• The slide show player (or “PicklePlayer”) can be played from any remote site, such as other websites or mobile devices, and is designed to link directly to an appropriate PickleBox. The slide show player can periodically poll the PickleBox data feed to get information as to whether any new content has come into the PickleBox. The slide show player can then play slideshows either on the Pickle site or a slide show can be posted on to another website by the user. In this way, content that resides in a PickleBox can be viewed/played on any website.
  • Another aspect of the present invention is a Playable Media Indicator 1224 in the Image Border, as shown in FIG. 12. Within the Pickle user interface, both playable media (video and audio) and photos may be associated with an image. For example, clicking on one image may play a video file while clicking on another image may present an enlarged photo that is associated with the clickable image. The challenge from an application design perspective is to denote to the user which images link to still photos or graphics and which images link to playable media.
  • In designing the Pickle user interface, a unique technique has been devised for easily signaling to the user whether the thumbnail corresponds to playable media or not: a Play button 1224 is positioned within the border of the image. This technique is used in thumbnail sized images as well as larger images.
  • FIGS. 6-8 are a series of screen shots that illustrate how Pickle can use Playable Media Indicator 1224 in different contexts within the application.
  • As shown in the flowchart of FIG. 13, Pickle provides users the capability to select a video from their media collection, and to easily create an email which contains screen grabs from the video. First, the account holder selects a video 1390. Then, the account holder can elect to have screen “grabs” automatically selected 1391, or manually select which screen “grabs” to include 1392. Once the screen “grabs” are selected, the account holder can complete an email 1393 and send it to their recipients 1394. In addition, a Videogram provides a link back to the video so that Videogram recipients can click on the link to view the respective video.
  • An exemplary embodiment of the PickleMail template enables an account holder to create a unique layout of images in the HTML/rich email, akin to an image quilt style format. The “quilt” layout is a layout of images that doesn't leave space between the images. The example presented in FIG. 14 shows a quilt style PickleMail layout. Although some Web-based photo albums provide this type of layout, none of them provide the ability for a user to create quilt-style email by a simple point-and-click process of selecting media 1520 and 1522 from the account holder's PickleBox 1562, layout selection 1564, address input 1566, and message body 1568, as shown in FIG. 15. The quilt layout can support any number of images as well as images of differing sizes.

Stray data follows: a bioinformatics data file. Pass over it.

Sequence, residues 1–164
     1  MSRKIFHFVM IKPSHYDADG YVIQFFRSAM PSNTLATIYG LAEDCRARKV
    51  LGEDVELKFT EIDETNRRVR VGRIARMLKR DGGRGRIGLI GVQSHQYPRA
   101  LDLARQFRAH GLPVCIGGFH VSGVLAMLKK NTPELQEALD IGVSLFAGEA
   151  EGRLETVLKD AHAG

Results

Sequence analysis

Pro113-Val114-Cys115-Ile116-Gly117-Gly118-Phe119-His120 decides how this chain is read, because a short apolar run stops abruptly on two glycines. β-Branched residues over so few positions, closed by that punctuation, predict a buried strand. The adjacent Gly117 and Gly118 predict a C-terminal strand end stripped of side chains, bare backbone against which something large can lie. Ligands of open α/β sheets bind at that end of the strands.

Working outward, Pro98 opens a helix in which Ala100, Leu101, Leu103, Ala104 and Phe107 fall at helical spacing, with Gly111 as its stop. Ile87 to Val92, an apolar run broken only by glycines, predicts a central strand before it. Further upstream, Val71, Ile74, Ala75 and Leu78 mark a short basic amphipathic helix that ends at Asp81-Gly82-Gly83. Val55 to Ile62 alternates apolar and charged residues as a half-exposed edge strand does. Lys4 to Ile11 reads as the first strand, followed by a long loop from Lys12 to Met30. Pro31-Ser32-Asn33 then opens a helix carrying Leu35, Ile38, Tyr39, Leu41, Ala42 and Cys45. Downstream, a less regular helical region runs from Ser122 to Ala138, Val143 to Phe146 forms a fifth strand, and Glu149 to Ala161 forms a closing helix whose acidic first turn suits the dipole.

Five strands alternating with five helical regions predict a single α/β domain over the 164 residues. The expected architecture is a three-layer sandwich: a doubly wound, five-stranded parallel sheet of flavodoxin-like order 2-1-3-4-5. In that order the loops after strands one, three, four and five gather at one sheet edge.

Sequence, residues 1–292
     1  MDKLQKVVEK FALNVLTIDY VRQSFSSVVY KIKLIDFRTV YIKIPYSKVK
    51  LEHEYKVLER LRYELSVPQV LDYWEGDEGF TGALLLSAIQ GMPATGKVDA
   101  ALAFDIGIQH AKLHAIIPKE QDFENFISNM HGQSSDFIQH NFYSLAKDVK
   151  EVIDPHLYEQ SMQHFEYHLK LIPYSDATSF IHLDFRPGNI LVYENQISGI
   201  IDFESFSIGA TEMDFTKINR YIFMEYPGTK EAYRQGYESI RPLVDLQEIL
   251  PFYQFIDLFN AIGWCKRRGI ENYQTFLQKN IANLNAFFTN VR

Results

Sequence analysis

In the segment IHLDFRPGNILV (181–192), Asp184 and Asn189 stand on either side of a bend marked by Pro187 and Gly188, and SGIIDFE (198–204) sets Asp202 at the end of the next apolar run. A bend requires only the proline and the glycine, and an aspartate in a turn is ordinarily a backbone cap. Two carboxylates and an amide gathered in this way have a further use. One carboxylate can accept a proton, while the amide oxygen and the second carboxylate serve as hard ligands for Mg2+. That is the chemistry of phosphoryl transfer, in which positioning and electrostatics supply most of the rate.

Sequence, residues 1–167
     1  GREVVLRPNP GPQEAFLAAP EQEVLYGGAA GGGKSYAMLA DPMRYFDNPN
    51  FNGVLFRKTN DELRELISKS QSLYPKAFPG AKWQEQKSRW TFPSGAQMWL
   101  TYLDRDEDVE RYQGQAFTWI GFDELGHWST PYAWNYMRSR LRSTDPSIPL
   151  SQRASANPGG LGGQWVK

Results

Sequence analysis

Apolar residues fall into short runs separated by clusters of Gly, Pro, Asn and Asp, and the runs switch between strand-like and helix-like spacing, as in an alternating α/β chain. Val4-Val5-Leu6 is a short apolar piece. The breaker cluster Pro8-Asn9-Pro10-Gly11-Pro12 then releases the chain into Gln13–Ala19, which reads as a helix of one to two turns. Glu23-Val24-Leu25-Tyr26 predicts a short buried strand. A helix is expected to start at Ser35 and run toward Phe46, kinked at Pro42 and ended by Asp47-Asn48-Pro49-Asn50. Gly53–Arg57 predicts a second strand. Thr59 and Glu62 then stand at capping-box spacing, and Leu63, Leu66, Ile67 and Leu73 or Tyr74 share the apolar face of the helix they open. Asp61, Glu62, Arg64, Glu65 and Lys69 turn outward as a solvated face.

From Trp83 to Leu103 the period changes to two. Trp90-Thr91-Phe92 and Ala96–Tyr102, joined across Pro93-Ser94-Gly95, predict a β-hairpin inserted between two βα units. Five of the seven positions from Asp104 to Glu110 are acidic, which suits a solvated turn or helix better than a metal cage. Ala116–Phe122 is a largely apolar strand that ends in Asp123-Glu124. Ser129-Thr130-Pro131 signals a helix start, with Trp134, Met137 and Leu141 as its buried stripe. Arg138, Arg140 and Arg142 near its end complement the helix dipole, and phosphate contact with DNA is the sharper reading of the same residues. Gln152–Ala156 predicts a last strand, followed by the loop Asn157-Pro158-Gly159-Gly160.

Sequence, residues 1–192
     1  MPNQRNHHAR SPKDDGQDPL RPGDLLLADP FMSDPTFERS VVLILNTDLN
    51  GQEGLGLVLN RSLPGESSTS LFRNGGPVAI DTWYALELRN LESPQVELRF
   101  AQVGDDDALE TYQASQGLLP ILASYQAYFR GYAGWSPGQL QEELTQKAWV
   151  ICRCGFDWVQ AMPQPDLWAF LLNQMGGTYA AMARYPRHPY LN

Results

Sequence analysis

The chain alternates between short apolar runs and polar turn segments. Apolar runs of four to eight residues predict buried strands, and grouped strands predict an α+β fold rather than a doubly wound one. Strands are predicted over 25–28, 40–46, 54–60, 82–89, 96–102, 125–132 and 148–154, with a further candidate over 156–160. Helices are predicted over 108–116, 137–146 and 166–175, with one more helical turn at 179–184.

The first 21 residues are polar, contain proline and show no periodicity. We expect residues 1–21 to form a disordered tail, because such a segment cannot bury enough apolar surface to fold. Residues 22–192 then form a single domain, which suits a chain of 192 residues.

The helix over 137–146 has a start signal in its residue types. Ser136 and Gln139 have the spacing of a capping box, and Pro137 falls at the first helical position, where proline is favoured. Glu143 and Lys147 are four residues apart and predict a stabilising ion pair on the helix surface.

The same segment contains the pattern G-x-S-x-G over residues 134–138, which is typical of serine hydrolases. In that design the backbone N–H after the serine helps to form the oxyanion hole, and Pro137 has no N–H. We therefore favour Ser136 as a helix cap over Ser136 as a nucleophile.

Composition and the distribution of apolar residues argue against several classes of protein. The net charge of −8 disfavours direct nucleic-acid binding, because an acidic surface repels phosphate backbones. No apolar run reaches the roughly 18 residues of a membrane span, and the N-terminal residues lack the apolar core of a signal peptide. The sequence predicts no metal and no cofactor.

• In implementing the present invention in its various possible forms, Pickle utilizes industry standard Web-based application development tools and techniques in the construction of the capabilities described. Media processing and video screen grabs are accomplished using off-the-shelf media processing server technology. The PickleBox email capabilities both with regard to receiving and sending emails are implemented by thorough custom integration of standard email server technology with the Pickle system. In order to implement synchronization capabilities, Pickle makes use of a custom software client that is run on the account holder personal computer. The client works in concert with the server-based Pickle system software to provide the synchronization features.
  • The present invention has numerous unique features and functions that are distinguishable from any sharing system conventionally available. Such advantages include, but are not limited to: the PickleBox concept as described above and shown in FIG. 1 and elsewhere; the concept of email-in to an online storage area for media (e.g., PickleBox); the concept of the multimedia slideshow; the concept of the ability to distribute content from the online storage area via data feeds (e.g., RSS and others); the polling of the data feed by the slideshow player to see if there are new items in the PickleBox to display; the concept of attaching a distribution list to a PickleBox and automatically forward items that are uploaded to the PickleBox to the distribution list (either email addresses or mobile phone numbers for MMS messages); the concept of automatic synchronization; the postal mail-in process; the Videogram concept; the Playable Media Indicator in the frame of the image. Many other features and attributes are apparent to one having ordinary skill in the art after consideration of the present disclosure. All such attributes, whether explicitly described above, or apparent to one having ordinary skill in the art, are within the scope of the present invention.
  • The foregoing disclosure of the preferred embodiments of the present invention has been presented for purposes of illustration and description. It is not intended to be exhaustive or to limit the invention to the precise forms disclosed. Many variations and modifications of the embodiments described herein will be apparent to one of ordinary skill in the art in light of the above disclosure. The scope of the invention is to be defined only by the claims appended hereto, and by their equivalents.